Next, when surveying the reviews I found that several writers were unparalleled and quite necessary:
- His achievement, above all, is to make something precious out of the sad jetsam of experience…No one conjures the holy ghosts of the commonplace like (him).
- One of the finest poets of this century, his work will in due course be widely recognized for its excellence.
- (this book) is the achievement of a young poet writing in the full measure of her powers.
- He is one of our premier anatomists of contemporary American life, a wildly refreshing, necessary poet.
- This is our beautiful glimpse of forever. (Her) (book) is a harrowing, necessary work.
Whoah. Better get started. Lots of required reading.
Finally, I came upon a review where the poet writes the poet-y-est thing ever:
- (This book) is an unignorable book…The feeling behind it is painful, but exquisitely so. Pain made into art or what, in another time, people called ”‘beauty”
In case you missed it, that was pain, art AND beauty. A poet’s trifecta.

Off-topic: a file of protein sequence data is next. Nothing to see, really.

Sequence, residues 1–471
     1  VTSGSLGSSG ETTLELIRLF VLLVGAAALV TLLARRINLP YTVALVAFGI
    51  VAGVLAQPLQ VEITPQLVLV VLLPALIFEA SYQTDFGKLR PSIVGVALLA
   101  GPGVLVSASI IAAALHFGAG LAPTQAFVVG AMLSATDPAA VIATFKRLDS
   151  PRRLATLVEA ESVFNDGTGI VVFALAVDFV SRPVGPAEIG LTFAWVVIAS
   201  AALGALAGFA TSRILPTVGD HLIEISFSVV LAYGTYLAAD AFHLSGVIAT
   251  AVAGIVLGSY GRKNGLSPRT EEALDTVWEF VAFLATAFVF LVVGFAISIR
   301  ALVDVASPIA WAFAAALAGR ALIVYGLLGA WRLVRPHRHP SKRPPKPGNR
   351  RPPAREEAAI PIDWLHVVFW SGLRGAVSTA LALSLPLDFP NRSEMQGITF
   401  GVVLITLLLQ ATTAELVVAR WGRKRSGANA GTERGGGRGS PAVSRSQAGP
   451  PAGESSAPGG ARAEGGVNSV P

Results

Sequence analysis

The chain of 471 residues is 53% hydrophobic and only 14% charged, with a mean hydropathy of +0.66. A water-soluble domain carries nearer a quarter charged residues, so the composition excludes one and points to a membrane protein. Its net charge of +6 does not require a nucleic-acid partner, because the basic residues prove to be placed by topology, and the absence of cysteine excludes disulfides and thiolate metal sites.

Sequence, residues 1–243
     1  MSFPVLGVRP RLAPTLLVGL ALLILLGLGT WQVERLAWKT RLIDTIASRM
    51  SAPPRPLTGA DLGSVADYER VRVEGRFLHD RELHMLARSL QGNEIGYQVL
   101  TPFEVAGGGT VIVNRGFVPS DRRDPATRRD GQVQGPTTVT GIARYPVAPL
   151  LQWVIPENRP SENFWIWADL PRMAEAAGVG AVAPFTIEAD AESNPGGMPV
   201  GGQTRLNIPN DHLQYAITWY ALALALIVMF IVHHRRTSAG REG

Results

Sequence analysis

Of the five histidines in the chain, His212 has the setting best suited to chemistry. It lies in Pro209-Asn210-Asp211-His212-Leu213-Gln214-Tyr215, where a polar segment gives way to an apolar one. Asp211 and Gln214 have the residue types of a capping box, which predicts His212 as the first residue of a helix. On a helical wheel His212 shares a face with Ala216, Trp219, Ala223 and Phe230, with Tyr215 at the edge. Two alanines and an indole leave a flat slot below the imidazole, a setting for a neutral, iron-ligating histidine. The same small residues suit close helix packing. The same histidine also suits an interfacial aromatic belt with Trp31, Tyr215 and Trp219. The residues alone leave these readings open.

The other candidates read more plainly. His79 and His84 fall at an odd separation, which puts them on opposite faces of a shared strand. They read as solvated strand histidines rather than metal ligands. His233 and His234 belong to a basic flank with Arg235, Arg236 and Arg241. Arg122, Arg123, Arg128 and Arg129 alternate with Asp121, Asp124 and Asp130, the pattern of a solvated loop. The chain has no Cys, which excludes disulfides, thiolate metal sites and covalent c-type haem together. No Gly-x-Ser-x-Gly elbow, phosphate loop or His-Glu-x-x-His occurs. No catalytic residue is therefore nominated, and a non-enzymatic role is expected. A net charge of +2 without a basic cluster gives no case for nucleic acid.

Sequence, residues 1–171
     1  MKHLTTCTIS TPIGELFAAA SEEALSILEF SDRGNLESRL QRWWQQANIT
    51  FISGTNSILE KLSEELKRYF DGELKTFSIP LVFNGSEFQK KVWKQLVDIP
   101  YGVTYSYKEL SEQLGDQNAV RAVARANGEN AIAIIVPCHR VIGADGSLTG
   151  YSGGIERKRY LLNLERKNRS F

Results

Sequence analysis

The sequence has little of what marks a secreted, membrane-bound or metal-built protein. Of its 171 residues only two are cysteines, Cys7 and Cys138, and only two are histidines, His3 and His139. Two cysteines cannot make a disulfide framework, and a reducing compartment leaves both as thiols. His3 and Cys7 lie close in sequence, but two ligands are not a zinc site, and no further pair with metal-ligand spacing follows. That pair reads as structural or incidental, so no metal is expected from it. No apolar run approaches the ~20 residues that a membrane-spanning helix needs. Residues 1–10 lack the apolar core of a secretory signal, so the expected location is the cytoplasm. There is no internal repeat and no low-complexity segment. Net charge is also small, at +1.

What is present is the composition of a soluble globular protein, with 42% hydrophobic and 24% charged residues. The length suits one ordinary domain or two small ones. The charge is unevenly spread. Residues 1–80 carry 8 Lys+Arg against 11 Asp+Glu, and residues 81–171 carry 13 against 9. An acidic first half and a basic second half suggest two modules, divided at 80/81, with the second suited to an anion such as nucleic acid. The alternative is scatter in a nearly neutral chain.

Much of what you see above is just empty accolades for the writer. It’s certainly a big deal to finish a book and have it published – no dispute there. All active writers understand this challenge. But praise for the writer – dealt in spades by peers – says nothing of the content. And far too often, as we have seen, attempts at the content result in a poeticized review.
It could be the form of the review tempting poets into such impregnable, overwrought summations. A typical review is short in length and aims to address a broad body of content. Though epic strokes aren’t required, the review writer does have to deduce and distill, and in those few words represent in some way an entire work. This task is not unlike that of writing a poem – a genre set apart by focus, by its economical and muscular employment of comparative device in capturing our experiences.
The problem here of course is that a review is supposed to help someone decide to read the book. It’s a sales tactic, but a worthwhile one if executed with the reader in mind. It should supplement the impression of a work the reader gets if he or she decides to peek inside the pages for a few minutes. If the review of a professional poet is more beautiful and intricate than the work inside it purports to sponsor, the curious reader is done a disservice. How the hell could they decide in a few minutes if this book is worth their sixteen bucks?